I met Ursula Brooke at lovely Shulbrede Priory, the family house of her late husband Thomas Ponsonby,now home to her sister-in-law Kate and her husband Ian Russell. Some time after they had generously allowed me to write about Shulbrede here, they suggested that I should go and see where Ursula and John lived, at Brewery House near Bath.
John and Ursula Brooke moved here from London in 1984.
Brewery House, just seen.
‘This was two old cottages in the 1700s, then in 1830 the whole site was sold and the guy who bought it put on the castellations and built a brewery next door to it,with all its equipment, oast house, well and steam engine, South Stoke Brewery. It was a small country brewery, demolished just after the first world war. The customers were thirsty fellows, working on the canal, in the mines and on local farms. The advertisement shows the brewery trying to expand its business and sell to the new wave of wealthy families moving into Bath.’
The tunnels below the house – now garaging and storage, were once used to store the beer and the drays in which it was transported.
By about 1820 or 30 Brewery House had been rebuilt as this Gothick villa. Because of the tunnels beneath, the soil in front of the house is only about 20cm deep, making gardening more challenging here.
Off the kitchen is a sort of pantry cum cloakroom.
‘Yellow and pink, this is my colour scheme, but when the light goes on it goes cold, it’s not quite the right …’
‘We’re terrible collectors.’
‘We met through a mutual friend, Anne Rowe.’
‘Penny, John’s older daughter, made that, it was going to say, Hallo Dad.’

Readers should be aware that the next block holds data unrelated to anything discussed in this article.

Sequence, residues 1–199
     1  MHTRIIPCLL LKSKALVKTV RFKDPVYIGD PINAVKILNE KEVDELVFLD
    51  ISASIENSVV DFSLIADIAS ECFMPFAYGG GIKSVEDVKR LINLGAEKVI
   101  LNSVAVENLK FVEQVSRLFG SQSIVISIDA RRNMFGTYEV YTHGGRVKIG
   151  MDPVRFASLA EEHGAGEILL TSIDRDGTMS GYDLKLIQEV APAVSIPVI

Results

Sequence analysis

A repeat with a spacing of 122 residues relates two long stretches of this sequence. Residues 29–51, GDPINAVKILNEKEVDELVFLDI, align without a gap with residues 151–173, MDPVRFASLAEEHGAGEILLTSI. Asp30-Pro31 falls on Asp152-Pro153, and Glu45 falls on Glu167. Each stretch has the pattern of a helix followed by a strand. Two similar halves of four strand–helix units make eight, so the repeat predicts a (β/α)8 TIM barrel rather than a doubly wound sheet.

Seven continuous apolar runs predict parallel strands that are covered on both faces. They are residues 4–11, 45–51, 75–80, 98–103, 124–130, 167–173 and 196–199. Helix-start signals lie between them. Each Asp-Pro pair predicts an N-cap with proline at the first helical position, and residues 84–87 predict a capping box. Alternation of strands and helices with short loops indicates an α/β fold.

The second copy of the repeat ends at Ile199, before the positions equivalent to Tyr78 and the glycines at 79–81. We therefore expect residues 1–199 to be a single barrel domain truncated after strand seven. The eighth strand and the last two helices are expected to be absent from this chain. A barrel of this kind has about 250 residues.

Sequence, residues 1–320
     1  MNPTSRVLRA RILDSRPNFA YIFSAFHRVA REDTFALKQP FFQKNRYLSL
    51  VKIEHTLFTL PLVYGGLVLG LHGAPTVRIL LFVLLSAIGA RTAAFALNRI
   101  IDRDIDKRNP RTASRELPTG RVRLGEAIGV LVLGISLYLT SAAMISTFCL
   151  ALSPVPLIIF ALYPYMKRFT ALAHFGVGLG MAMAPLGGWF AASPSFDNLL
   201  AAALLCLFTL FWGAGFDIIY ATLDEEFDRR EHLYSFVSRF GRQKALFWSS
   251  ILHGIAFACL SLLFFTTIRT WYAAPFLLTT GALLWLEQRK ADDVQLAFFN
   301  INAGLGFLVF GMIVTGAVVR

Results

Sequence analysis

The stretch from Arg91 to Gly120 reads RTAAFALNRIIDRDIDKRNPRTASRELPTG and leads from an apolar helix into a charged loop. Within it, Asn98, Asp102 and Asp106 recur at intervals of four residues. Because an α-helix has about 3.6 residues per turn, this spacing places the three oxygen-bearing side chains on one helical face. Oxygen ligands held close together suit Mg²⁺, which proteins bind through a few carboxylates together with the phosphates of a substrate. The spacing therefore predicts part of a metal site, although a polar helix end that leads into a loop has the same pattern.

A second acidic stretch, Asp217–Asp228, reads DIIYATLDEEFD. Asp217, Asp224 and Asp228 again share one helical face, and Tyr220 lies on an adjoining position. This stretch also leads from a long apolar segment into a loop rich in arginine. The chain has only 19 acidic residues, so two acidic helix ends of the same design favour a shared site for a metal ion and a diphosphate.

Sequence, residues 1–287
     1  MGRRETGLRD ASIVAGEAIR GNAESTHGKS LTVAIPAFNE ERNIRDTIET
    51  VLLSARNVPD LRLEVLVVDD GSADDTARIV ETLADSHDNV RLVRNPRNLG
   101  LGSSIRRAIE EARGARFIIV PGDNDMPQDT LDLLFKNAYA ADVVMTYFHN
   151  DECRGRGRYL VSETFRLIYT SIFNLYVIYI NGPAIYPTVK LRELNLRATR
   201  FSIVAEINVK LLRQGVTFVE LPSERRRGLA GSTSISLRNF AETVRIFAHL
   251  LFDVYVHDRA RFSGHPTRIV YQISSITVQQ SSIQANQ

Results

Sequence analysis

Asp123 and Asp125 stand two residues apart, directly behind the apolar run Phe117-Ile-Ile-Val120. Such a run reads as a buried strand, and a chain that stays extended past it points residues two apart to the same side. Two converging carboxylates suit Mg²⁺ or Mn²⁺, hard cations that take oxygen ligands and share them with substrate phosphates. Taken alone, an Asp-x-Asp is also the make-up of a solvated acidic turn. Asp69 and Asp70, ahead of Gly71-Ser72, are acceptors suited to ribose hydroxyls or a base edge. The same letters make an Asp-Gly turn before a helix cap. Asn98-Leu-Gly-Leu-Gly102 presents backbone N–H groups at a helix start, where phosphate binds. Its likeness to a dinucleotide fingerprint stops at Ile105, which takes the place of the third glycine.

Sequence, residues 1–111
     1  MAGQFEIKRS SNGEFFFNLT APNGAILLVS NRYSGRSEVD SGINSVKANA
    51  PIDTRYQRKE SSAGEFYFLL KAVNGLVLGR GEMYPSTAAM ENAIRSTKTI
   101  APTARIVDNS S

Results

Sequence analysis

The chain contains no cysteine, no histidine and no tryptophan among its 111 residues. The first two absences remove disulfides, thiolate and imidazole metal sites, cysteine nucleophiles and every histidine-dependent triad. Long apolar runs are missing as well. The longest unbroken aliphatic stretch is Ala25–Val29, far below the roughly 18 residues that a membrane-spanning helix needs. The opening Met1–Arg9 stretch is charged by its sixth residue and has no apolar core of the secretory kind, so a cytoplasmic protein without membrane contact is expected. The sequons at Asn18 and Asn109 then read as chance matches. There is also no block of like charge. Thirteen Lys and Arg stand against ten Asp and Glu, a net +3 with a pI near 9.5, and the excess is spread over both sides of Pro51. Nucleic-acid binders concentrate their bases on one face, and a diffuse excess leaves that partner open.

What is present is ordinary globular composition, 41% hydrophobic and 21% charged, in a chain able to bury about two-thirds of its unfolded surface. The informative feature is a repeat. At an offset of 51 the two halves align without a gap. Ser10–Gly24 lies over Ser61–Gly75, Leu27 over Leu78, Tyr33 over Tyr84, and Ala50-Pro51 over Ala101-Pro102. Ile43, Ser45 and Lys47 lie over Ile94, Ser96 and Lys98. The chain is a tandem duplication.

‘We haven’t changed it much. This room was navy blue when we bought the house. The owner had just done a foundation art course. She was into colours. We put that old Aga in. And John opened up the hatch, and we brought that drainer, John picked it up on the street in Notting Hill Gate.
‘I was a dab hand at plumbing. And Ursula made that, it was all bricked up you see, this was an old fireplace, we opened it up. We poured concrete into a metal forma, it’s all arches, so we sort of continued it.’
‘You did all that, I finished off the arch and made the mouldings with two jam jar lids and the date, 1984.’
‘This cookery book is by Julia and that pot is Julia’s,’ (says Ursula, describing one of her daughters. ‘She one of those who does everything totally perfectly. She heads up the cooking 2 kitchens at Schumacher College [teaching ecology, sustainability and Gaia theory] on the Dartington Hall estate down in Devon.’ Julia’s cookbook Gaia’s Kitchen (Green Books, 2000) won the Gourmand World Cookbook Award for best vegetarian cookbook in 2001.
In the warmest corner of the kitchen is what might be a Howard and Sons armchair.
‘John’s grandfather made this oak side table.’
‘I made this pottery, I spent a year doing a foundation course in art therapy, I just let rip. I think painting can be prophetic. This was John and me, meeting up together for the first time.’
Pot plants on the window seat.
The main drawing room has gothick panelled window shutters and embrasures and this gothick front door.
‘This green colour was here when we came, and this carpet was here when we came. The removal men were going to pull it up. These curtains are for warmth, otherwise its draughty. The curtains I’d had from scratch and they fit perfectly here. And they left their telly. So we just moved in and switched it on.’
‘Julia made these 2 cushions. Me and my first husband went back to Africa for five days in 1971 and these were the views from the plane that I painted.’ The pictures show dawn rising over the Sahara desert.
‘Gill Chambers, a potter, made the [life-sized] dog. I call it Duffy because I had a dog called Duffy.’
The upstairs landing. Painting by Anthony Rossiter, lynx model made for the Skinners’ Livery Company in the City of London.
Corner shelf on the upstairs landing
A tiny Surrealist painting by Ursula. ‘A memory of me and my sister playing in the South African sandstone mountains during boarding school holidays.’